Experiential engineers

Mar 2nd, 2017

By Jackey Locke

Civil engineering student Tori Barrett and process engineering student Jared Bartlett doing science experiments kids at the Froude Avenue Community Centre.
Experiential engineers

Engineers have an obligation to use their technical expertise to make the world a better place. One of the ways they do this is by giving back to their communities. Memorial’s Faculty of Engineering and Applied Science has partnered with local not-for-profit community groups to teach students how engineers can have positive impacts on their communities and reinforce the values that engineers serve the world.

Darlene Spracklin-Reid is a senior instructional designer with the Faculty of Engineering and Applied Science and the Centre for Innovation in Teaching and Learning at Memorial and is thrilled with the new service learning initiative for co-op students.

“Service learning has huge benefits for the local community and our students,” said Ms. Spracklin-Reid. “Our students are serving to not-for-profit community groups who can benefit from their excellent technical skills. Our students have an opportunity to apply the skills they learn in school to real situations for community groups in need.”

Memorial’s undergraduate engineering program is a co-operative education program. In addition to successfully completing eight academic study terms, students must successfully complete at least four work terms to graduate. A community-based experiential semester can offer students another opportunity in which they can learn and grow into professional engineers.

The service learning experiential terms were introduced during the Fall 2016 semester. Seven students were placed with four community groups.

“We had two students at Deborah’s Garden, a community garden in Pouch Cove where the students designed a greenhouse; two students at the St. John’s Northwest Rotary Club where they designed a reliable power source for a school in Zimbabwe; one student at O’Donel High School in Mount Pearl who supported staff, students and teachers to enhance science, technology, engineering and math (STEM) education; and two students at Manuels River Hibernia Interpretation Centre where they designed a bridge to improve the trail connectivity,” explained Ms. Spracklin-Reid.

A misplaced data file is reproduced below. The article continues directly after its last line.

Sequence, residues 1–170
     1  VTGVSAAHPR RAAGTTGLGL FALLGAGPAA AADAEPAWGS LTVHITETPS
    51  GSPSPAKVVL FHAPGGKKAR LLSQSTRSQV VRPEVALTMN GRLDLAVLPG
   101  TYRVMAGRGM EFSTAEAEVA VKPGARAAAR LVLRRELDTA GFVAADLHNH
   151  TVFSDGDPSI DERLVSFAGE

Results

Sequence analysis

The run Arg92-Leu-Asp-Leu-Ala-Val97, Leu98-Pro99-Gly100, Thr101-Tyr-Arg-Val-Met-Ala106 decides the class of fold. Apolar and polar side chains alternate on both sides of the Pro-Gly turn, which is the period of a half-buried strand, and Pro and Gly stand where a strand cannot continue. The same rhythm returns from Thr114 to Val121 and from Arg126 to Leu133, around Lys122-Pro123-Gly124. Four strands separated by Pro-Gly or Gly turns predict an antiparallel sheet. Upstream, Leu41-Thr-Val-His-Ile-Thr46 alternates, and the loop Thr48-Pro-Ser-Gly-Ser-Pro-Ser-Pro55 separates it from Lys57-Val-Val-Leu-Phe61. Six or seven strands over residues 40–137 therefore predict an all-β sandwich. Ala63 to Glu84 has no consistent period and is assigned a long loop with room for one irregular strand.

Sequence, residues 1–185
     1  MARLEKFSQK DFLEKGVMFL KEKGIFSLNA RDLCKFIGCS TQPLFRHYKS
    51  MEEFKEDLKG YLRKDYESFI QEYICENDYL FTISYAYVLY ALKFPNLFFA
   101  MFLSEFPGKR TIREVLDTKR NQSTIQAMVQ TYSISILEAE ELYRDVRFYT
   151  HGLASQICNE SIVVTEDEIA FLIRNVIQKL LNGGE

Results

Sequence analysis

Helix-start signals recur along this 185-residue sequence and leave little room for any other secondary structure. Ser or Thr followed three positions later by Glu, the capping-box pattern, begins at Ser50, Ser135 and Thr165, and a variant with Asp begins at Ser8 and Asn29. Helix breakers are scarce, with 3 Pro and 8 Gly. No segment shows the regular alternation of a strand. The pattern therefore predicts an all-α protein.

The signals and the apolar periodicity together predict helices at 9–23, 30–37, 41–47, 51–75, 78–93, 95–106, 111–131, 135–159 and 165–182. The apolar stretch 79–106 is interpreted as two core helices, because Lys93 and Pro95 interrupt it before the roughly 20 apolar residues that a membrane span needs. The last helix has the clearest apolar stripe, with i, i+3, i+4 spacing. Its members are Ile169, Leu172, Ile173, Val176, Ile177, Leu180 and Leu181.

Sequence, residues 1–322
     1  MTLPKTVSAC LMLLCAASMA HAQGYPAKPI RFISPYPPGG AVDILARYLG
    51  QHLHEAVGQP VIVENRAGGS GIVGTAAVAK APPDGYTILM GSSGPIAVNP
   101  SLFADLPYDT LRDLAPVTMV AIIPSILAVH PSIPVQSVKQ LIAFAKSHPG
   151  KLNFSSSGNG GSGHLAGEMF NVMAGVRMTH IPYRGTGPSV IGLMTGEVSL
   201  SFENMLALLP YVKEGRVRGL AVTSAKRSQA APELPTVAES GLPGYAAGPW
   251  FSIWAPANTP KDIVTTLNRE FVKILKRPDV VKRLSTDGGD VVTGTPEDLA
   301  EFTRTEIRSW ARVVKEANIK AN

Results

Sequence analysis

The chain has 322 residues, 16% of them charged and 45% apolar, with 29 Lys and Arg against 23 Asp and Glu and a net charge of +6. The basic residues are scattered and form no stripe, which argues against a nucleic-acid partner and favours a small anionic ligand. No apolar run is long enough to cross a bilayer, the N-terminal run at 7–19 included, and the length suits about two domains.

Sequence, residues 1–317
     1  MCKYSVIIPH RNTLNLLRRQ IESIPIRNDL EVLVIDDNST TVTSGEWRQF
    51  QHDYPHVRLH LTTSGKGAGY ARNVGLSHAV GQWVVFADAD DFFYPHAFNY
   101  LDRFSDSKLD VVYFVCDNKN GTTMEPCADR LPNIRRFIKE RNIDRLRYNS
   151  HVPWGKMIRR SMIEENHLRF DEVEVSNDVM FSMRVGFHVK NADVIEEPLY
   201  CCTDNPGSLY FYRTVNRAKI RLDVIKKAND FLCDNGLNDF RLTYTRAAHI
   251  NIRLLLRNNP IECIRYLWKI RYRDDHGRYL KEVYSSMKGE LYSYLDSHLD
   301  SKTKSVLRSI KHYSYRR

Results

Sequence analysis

Erik O’Brien is a third-year ocean and naval architectural engineering student who completed a service learning semester at the Manuels River Interpretation Centre.

“It was rewarding to be a part of a project that helps provide such meaningful help to the community,” said Mr. O’Brien. “Quite often when we think of engineering, we think of its industrial applications so it was very nice to also see first hand how engineering benefits the needs of a non-profit organization as well as the community of Conception Bay South.”

“Service learning semesters are becoming more popular with our students and community groups,” said Ms. Spracklin-Reid. “This semester, we have 13 students placed at 12 schools, two students at Froude Avenue Community Centre, one with Skills Canada, one with Together by Design, one with the Nordic Ski Club, two with the Manuels River Interpretation Centre and one with Stella's Circle, for a total of 19 students.”

 

Contact

Faculty of Engineering and Applied Science

230 Elizabeth Ave

St. John's, NL A1B 3X9 CANADA

Tel: (709) 864-2530

Fax: (709) 864-2552

becomestudent@mun.ca